Next, I widened this one by 20%, the bottom going from 4' wide max to 5', to look like this...
Which gives a righting arm curve that looks like this (same weight info)...
Notice that increasing the width by 20% gave about 100% increase in righting arm!
Well, I think my idea of a rule of thumb about the width/stability relationship is shot down. In these examples it varied so much from boat to boat that I think it takes an individual study in each case to scope out. Clearly though it is the main driver in the equation - that if you really are out to increase stability you need to think about your beam first. I suppose the opposite side of the coin is that if you intend to make a boat narrower you might quickly arrive at something which is surprisingly tippy!
There is another factor to consider with beam. In this study the weight of each example was not varied from narrow to wide. But in real life the wider boat will be heavier, maybe a lot heavier. And remember that weight is the other factor in the righting moment. So, for example, if you made you boat 50% wider and found its righting arm doubled, the maximum righting moment might be tripled because the boat might now be 50% heavier.
HC SKIFF, SHARPIE SAILBOAT, 18' X 5.5', 450 POUNDS EMPTY
HC Skiff is a rework of a "typical sharpie skiff" that appears on page 101 of Howard Chapelle's great book AMERICAN SMALL SAILING CRAFT. I can almost say that if you own only one book about small sailing boats that this is the one to have. The lines of my version are straight out of Howard's offset table. By today's standards it is a long narrow hull, 18' long and about 4' wide on the bottom. The stem rides about an inch above the water, then the bottom goes straight to the deepest point of the hull at about half the length of the hull. Then the bottom sweeps way up above the waterline for a very high and small transom. There were working hulls. Heavy loads could be carried without immersing the stern transom which is always harmful to a boat with no motor. You put everything in the stern and the stern still stays clear of the water. I think a hull shaped like this is little improved upon by any modern flattie skiff thinking. Chapelle said the shape was common all along the East Coast from 1860 to 1900. The prototype shown here was built by Dan Roach of Danvers, Massachusetts, very close to where Chapelle found the original boat he surveyed. Dan wrote quite a bit to me saying it was fast and handy and easily carried his family including the dog. (I'd quote what he said but I lost his email in a computer accident. So will somebody tell me why they put the "empty file" button right next to the "send message" button??)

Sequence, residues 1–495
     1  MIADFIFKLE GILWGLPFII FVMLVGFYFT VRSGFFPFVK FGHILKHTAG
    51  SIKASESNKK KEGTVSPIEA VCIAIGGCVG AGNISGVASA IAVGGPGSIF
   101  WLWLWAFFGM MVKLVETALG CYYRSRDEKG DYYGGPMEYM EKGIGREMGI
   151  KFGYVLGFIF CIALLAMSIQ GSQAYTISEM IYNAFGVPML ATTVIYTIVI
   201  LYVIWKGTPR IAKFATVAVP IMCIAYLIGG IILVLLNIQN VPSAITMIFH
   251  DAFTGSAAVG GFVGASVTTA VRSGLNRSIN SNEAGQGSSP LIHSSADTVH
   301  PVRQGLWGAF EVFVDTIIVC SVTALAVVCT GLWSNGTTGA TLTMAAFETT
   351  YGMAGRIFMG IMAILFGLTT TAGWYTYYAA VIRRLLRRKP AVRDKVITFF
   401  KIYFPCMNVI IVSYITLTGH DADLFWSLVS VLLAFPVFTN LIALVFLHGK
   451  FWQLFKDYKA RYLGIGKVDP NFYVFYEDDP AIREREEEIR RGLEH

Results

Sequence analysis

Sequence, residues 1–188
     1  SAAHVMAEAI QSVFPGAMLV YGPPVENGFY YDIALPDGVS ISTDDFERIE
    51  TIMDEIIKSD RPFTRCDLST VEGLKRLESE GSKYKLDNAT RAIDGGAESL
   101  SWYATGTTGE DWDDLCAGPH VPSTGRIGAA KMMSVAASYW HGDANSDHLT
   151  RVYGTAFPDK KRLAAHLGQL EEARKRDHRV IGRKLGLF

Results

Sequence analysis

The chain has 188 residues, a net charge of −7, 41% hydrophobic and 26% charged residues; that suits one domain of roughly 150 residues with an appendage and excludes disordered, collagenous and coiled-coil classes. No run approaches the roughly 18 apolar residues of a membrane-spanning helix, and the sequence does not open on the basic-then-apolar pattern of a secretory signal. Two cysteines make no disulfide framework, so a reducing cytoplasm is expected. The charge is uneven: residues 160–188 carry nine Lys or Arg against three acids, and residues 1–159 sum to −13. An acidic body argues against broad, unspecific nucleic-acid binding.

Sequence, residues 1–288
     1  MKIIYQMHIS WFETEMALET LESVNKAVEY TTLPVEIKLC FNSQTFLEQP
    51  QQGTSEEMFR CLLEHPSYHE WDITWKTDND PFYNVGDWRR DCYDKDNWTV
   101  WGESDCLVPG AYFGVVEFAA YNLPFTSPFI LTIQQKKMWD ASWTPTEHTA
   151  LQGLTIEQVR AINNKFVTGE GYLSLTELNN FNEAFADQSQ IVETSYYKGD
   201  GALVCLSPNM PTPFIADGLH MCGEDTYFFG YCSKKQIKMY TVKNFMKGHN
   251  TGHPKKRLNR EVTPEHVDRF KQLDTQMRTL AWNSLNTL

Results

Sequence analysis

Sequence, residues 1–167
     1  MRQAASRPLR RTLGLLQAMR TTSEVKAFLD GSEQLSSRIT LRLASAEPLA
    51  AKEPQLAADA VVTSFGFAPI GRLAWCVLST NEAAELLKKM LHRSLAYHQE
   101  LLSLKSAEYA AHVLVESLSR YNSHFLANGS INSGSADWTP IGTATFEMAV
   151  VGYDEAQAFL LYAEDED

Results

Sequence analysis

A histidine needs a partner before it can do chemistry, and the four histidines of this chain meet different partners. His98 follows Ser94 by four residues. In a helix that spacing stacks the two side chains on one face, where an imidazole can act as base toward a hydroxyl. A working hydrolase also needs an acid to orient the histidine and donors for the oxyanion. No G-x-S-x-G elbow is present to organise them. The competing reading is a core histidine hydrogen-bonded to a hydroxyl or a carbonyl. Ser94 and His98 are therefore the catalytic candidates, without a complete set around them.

I used modern plywood construction on HC Skiff. The old boats were nailed together from 1" boards. Then they were left outside in the water until they died. They must have been very heavy both in their construction and in their soakage, not to mention the clams and oysters. My version uses five sheets of 1/2" plywood and five sheets of 1/4" plywood and will weigh a fraction of the original. It's all done with prefab parts and no jigs or lofting.